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4
Forage & Nutrition
Guide 2018
Farm incomes under pressure
for 2018
According to the December 2017 Central Statistics Office
(CSO) Livestock Survey, the number of cattle in Ireland was
6,673,600, an increase of 60,200 (+0.9 per cent) on December
2016. The number of dairy cows increased by 48,100 (+3.7 per
cent), while other cows fell by 23,700 (-2.3 per cent). Cattle
aged two years and over (excluding cows and bulls), increased
by 18,400 (+4.6 per cent). The CSO also reported that in June
last total sheep numbers were up by 73,700 (+1.4 per cent) to
5,252,900.
The early winter and late spring has, again, highlighted the
need for adequate forage stocks of good quality to cater for
increasing livestock numbers. Using a top-class silage additive
and protecting the clamp with better quality silage covers will
greatly minimise fermentation and storage losses.
The new milk quota is on land and labour, so dairy farmers
need to significantly improve herd performance and invest in
new technology to make a decent profit from their investment
and increased milk production.
For example, a modern milking parlour will save a huge amount
of time and labour while greatly improving the farming
lifestyle. Cows will spend fewer hours waiting on concrete yards
and will have a lot more time for grazing.
Livestock farmers need to optimise production from grass so as
to increase milk yields/hectare (ha), to improve live weight gain
and to conserve more silage. So, it makes sense to do more
reseeding with top-class grass varieties. In this regards, grass
palatability is an important trait to optimise dry matter intakes.
Unfortunately, without adequate soil nutrients, grassland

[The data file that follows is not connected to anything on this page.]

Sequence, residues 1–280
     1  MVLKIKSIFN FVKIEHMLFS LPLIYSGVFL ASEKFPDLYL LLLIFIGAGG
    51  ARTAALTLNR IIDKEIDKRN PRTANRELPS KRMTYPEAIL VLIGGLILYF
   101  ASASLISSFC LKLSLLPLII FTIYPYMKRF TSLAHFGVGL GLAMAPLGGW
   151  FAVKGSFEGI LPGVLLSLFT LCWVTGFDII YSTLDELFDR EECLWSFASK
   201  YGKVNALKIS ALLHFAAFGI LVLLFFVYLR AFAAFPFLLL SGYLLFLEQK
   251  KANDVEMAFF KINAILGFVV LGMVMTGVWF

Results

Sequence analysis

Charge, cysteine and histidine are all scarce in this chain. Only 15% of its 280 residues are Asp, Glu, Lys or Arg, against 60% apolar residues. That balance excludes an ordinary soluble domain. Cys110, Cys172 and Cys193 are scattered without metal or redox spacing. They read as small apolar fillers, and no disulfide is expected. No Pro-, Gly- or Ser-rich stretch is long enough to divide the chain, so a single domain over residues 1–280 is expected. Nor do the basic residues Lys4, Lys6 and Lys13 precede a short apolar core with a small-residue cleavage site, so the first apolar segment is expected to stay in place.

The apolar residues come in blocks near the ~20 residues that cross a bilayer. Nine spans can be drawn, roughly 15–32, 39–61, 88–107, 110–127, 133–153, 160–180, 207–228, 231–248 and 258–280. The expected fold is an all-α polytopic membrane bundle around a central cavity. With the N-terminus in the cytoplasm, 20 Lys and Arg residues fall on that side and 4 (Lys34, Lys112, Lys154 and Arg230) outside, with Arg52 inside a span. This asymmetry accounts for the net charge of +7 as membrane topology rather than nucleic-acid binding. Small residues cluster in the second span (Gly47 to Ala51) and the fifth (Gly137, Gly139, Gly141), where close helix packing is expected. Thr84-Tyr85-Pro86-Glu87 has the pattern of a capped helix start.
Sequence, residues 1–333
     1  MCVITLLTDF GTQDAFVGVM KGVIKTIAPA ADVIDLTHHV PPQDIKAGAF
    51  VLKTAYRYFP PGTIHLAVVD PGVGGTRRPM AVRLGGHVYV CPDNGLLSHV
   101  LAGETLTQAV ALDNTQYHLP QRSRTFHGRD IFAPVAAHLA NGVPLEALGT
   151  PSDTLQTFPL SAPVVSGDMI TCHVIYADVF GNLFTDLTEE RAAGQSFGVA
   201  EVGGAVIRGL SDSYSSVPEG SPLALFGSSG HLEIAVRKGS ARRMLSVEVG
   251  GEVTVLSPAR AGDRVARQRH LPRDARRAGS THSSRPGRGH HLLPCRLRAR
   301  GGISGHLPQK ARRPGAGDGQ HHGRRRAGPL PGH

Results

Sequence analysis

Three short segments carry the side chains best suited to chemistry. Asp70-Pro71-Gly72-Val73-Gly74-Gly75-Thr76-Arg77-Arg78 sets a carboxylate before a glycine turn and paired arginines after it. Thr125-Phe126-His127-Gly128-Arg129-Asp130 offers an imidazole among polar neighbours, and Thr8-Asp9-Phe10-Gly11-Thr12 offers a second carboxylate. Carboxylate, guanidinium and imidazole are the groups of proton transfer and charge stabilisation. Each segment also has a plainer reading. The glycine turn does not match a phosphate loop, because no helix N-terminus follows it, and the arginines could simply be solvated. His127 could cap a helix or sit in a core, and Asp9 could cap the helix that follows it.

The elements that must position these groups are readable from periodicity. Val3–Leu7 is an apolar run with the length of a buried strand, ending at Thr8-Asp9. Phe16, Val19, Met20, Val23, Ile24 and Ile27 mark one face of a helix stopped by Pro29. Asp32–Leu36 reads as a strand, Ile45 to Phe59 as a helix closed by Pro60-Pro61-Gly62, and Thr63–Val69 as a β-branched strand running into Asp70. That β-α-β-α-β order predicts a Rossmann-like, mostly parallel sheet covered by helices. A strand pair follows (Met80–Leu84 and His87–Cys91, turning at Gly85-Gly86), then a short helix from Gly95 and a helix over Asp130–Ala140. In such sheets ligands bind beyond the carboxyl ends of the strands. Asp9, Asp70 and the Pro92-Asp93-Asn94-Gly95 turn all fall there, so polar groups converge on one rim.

production will be well behind its potential. Over the last 10
years, Teagasc has analysed approximately 38,500 soil samples
per annum for their farmer clients. These samples provide an
insight to national soil fertility trends soil pH, phosphorus (P)
and potassium (K).
Currently, 64 per cent of grassland soils are below the optimum
soil pH (ie. pH 6.3 for efficient grassland production). In fact, we
are applying less than half the quantity of lime that was applied
in the 1970s and early 1980s. Applying lime to correct soil pH
is the cornerstone for maintaining the productivity of our soils.
It is also well-established that the trace mineral status
of swards in Ireland is suboptimal; deficiencies of copper,
selenium and iodine are widespread (Mee and Rogers, 1996).
So, to optimise milk production and livestock health, farmers
need to improve animal nutrition. A conversation with your
Teagasc adviser or agricultural consultant would be well
worthwhile.
However, it does not make good economic sense to become
over-dependent on grass forage due to the vagaries of our Irish
weather. It also does not make much sense for dairy farmers to
be competing for scarce rental land with tillage farmers.
A better option would be to forward contract with tillage
farmers to purchase fodder beet, forage maize, barley and
straw for buffer and winter feeding using the diet feeders
available on many farms.
Poor animal health and fertility will impact on livestock
performance and on family incomes. However, there are now
several well-proven heat and herd health detection systems
available. These are an excellent long-term investment and
will save lots of time, a great deal of money and significantly
improve performance.
The various storms over the last year and snowfalls in recent
times have highlighted the need for well-constructed animal
housing. Farmers also need to invest in power generators,
heating in the parlour to prevent pipelines freezing and extra
milk storage to cater for bigger herds and potential delays in
milk collection.
Liam de Paor,
Editor.
Liam de Paor